Product Owners Suck

Product Owners Suck

Teams doing Scrum “by the book” will have a Product Owner. The Scrum Handbook describes this role thusly:

“The Scrum Product Owner is responsible for maximizing the value of the product resulting from the work of the Development Team. How this is done may vary widely across organizations, Scrum Teams, and individuals.”

It goes on to say:

“The Product Owner is the sole person responsible for managing the Product Backlog.”

i.e. the Single Wringable Neck.

Outwith Scrum “by the book”, many teams, Scrum or otherwise, will find themselves with a Product Owner, almost always, in practice, outside the immediate development team itself.

One characteristic common to every Product Owner role I have ever seen has been “push”. The Product Owner pushes work (features, stories, or whatever the unit of backlog) into the backlog, and thus onto the team. The Product Owner generally dictates the priorities of the work items in the backlog, too.

Here’s where the dysfunctions creep in. If we accept that we’d like to encourage intrinsic motivation in the team, and that Dan Pink’s three factors of intrinsic motivation apply (Autonomy, Mastery, and Purpose), then we begin to see how the typical Product Owner stance sucks the motivation away from the team by undermining their autonomy (they’re expected to do what’s pushed on them, with the priorities dictated), their mastery (focus is on delivery not learning), and purpose (the purpose is that of the PO, often opaque or little shared, not a shared common purpose across everyone involved).

Go Pull

I’ve seen clients where this push-oriented Product Owner role has served no one well. Not the Product Owner, nor the development team, nor the product, nor the customers. The Product Owner is worn to a frazzle trying to herd the developers, like cats, towards the outcomes he or she thinks the customers want. It’s most unlikely the Product Owner will know what features are valuable, and how they should work, before stuff gets in front of the customers anyway, and the delays in the “push” model just exacerbate this dysfunction.

Further, in the push model, developers have little opportunity to experiment and innovate. They’re often far better placed than the Product Owner or even the customers to spot opportunities for breakthrough innovations, both large and small, yet the push model basically precludes them from contributing in this way.

So why not turn it around? In my career, I’ve seen all the best products come from development teams that directly own the product. And, consequently, directly own the relationship with the customer. Often, not the whole team, as this might irk the customers – at Familiar we had one member of the development team act as “customer liaison” – a role which could rotate between team members if it started to become a chore for the person in question.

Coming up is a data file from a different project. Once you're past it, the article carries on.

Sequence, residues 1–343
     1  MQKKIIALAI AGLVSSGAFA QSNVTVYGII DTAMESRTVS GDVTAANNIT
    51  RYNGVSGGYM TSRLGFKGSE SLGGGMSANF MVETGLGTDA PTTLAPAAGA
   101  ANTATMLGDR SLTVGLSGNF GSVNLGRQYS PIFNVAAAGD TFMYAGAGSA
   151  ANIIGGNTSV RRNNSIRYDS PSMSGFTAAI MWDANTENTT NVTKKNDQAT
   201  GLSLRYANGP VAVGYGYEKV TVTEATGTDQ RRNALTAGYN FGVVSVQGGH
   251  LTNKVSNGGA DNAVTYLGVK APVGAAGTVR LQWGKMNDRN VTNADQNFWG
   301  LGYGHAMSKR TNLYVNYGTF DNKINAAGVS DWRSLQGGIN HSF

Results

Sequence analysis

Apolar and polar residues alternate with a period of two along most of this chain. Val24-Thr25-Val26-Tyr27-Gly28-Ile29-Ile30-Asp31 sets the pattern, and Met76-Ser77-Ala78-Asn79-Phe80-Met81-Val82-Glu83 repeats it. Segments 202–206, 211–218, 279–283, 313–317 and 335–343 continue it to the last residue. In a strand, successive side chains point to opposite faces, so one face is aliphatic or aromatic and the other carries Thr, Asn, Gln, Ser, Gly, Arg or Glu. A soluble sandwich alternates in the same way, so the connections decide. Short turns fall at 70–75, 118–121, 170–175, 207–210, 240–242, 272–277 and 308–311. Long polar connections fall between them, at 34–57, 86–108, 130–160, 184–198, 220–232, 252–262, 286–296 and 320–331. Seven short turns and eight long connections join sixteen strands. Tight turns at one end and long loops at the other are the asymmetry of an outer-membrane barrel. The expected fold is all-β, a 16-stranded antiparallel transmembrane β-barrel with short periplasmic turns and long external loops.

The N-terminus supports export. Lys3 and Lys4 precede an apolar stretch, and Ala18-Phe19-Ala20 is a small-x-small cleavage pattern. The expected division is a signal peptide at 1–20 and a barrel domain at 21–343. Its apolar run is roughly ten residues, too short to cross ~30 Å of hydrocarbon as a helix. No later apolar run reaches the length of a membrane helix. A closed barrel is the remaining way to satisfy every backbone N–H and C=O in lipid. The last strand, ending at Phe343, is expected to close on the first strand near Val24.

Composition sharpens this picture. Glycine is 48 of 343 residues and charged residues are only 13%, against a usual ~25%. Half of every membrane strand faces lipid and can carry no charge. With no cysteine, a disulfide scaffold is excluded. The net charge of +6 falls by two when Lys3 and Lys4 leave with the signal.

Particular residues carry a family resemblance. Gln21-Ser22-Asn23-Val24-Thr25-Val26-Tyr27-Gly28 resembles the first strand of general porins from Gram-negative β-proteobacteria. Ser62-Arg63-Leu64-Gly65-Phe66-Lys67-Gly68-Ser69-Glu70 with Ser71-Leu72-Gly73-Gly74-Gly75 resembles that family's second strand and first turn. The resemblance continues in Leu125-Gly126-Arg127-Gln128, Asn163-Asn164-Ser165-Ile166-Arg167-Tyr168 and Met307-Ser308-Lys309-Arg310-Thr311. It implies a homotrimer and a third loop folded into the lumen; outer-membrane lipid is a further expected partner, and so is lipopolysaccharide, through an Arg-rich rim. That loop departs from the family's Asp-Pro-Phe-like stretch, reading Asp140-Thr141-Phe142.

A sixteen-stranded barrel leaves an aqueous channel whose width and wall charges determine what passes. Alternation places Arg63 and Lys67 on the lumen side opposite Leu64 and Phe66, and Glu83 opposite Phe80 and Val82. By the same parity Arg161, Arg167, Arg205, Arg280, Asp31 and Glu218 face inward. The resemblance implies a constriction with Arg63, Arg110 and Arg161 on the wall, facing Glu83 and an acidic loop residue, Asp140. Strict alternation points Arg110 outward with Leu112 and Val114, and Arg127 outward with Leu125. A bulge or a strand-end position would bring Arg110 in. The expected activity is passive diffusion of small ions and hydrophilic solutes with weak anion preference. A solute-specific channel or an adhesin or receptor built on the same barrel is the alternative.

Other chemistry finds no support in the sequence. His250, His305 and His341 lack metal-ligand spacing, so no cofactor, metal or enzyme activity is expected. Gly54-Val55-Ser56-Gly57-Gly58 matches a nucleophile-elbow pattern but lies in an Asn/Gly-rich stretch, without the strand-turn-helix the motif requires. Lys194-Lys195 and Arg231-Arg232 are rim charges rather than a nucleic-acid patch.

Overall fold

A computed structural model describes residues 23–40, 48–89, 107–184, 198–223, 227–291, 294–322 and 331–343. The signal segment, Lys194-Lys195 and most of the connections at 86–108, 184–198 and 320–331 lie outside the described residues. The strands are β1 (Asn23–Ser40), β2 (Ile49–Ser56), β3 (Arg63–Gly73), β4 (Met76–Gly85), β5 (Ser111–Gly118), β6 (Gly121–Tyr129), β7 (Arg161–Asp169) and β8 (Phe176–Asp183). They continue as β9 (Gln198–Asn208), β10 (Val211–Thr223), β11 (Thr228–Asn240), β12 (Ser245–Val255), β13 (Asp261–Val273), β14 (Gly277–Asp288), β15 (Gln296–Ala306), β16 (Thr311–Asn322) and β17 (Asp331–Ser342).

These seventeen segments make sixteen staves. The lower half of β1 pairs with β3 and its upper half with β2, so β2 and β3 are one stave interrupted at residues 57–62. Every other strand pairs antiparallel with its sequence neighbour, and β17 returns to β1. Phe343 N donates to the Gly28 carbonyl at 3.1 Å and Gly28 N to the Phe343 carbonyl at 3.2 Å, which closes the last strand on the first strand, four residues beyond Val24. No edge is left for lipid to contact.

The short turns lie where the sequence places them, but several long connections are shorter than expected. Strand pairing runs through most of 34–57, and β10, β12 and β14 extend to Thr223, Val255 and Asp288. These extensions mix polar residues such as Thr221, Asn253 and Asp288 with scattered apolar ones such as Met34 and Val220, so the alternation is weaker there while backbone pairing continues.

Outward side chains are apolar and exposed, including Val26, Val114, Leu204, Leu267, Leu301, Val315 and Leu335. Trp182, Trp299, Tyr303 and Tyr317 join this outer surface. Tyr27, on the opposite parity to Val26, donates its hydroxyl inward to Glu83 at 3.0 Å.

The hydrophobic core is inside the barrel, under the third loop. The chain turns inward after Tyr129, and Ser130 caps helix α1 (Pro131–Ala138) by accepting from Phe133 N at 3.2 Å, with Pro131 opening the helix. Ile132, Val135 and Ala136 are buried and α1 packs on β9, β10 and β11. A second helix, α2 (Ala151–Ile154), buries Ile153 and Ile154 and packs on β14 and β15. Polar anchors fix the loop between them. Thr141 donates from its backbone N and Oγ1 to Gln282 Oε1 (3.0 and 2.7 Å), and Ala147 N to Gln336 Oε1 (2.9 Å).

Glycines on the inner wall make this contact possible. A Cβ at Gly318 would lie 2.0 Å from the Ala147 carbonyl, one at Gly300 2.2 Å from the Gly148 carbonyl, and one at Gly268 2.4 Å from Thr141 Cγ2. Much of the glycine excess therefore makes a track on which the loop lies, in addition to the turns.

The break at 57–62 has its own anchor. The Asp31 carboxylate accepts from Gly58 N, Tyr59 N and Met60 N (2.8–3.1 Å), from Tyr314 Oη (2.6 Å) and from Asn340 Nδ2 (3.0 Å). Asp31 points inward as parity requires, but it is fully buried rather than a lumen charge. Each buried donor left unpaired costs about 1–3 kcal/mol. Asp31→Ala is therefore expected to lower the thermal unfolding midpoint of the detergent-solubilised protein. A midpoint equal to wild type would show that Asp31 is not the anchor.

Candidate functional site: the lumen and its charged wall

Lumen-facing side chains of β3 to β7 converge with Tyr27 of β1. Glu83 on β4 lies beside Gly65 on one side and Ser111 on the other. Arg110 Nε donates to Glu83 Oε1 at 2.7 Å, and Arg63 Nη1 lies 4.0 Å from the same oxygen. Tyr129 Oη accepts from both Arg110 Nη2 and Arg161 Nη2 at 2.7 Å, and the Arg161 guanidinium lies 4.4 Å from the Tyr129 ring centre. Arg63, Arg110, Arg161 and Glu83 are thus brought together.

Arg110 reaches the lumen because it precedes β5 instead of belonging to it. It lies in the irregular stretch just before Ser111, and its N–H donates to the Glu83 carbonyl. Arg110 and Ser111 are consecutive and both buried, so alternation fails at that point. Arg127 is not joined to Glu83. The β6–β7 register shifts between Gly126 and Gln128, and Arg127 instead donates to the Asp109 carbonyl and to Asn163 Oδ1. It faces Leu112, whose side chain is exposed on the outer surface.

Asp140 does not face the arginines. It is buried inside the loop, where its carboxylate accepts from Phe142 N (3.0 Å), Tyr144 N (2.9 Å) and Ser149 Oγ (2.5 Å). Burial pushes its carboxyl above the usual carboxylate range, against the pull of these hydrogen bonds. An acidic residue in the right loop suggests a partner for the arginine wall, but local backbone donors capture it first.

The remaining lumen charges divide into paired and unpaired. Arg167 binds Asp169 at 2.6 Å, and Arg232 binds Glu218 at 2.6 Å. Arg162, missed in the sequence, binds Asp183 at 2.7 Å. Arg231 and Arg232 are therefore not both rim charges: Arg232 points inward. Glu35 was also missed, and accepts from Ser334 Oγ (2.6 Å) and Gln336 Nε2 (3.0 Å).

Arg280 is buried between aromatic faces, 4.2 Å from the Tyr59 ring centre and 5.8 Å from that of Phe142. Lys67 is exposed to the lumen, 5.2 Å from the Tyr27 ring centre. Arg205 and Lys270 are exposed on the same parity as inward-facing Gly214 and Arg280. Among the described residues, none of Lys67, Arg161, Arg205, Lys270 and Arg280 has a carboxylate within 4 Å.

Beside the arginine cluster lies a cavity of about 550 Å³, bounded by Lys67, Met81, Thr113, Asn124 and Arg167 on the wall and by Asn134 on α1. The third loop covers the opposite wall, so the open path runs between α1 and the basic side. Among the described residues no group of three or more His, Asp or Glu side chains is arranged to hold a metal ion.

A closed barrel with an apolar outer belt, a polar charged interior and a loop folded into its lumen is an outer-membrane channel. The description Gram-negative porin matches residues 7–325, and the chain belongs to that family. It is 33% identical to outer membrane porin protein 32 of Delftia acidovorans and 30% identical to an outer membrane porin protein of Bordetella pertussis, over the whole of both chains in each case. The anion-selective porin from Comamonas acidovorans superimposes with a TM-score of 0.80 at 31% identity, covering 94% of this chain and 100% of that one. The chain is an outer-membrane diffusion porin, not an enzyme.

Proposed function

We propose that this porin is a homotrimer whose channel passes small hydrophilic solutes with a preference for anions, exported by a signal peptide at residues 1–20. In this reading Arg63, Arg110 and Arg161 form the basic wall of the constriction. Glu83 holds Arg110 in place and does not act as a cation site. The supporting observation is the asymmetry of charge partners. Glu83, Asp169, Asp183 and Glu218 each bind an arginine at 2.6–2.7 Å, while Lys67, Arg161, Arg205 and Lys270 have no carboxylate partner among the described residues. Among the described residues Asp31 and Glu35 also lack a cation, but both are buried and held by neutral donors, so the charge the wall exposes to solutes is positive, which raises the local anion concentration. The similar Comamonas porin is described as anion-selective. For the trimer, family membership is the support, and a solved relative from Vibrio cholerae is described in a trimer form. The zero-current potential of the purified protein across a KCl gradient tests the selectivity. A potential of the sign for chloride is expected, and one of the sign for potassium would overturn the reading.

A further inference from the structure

It’s unlikely the Product Owner will wish to do themselves out of a job, so how can we arrange things such that everyone has a better time than with the “push” model? And so we make even better use of the most valuable things the Product Owner has – product domain expertise and customer nous?

In the service (call centre, etc.) sector, Vanguard introduced the idea of front-line call staff taking all the calls, with limited (brief) training to handle the most common types of call, and with experts and specialists on hand to help them through handling the less common types of call as they arrive.

Transferring this idea to the Product Owner role, why not have the development team own the product, take all the decisions about features, stories and priorities – by pulling information from the customers – and whenever the development team has some questions they can’t answer themselves or in conjunction with the customers, have the Product Owner (now Product Domain Specialist or some such renamed role) on hand to pitch in and provide the missing knowledge or expertise.

I guess the Analytic minded organisations out there will feel uneasy about no longer having their hands around the Single Wringable Neck, but learning about Team Accountability might go some way to compensate for this?

So, let the teams suck (pull), instead of having the Product Owner push.

– Bob

PS Note that the above suggestion – to hand over core elements of the Product Owner role to the development team – assumes the development team owns the scope for the whole product, not just the software, and can collaborate and coordinate with other people and groups to ensure the whole product is delivered (whether incrementally for not). See also: Obeya.

Further Reading

The Transformation of O2 – A Vanguard Case Study in Reengineering Call Centres (pdf)

3 comments
  1. Bert said:

    I could not agree more!

  2. Jon said:

    Love this Bob. No one wants work pushed onto themselves, give the team the power, responsibility and self respect.

  3. While it does happen that the Product Owner pushes work onto the team, the Scrum guide is very explicit that the team pulls work. c.f.: “The number of items selected from the Product Backlog for the Sprint is solely up to the Development Team. Only the Development Team can assess what it can accomplish over the upcoming Sprint.”

    I am a bit surprised the “every product owner you have every seen” pushes work. That a lot of dysfunction! I have certainly seen POs that push work but I see far more that allow teams to pull work and for the teams to discuss what the “right” work is based on priority (ordering), feasibility, technology, etc.

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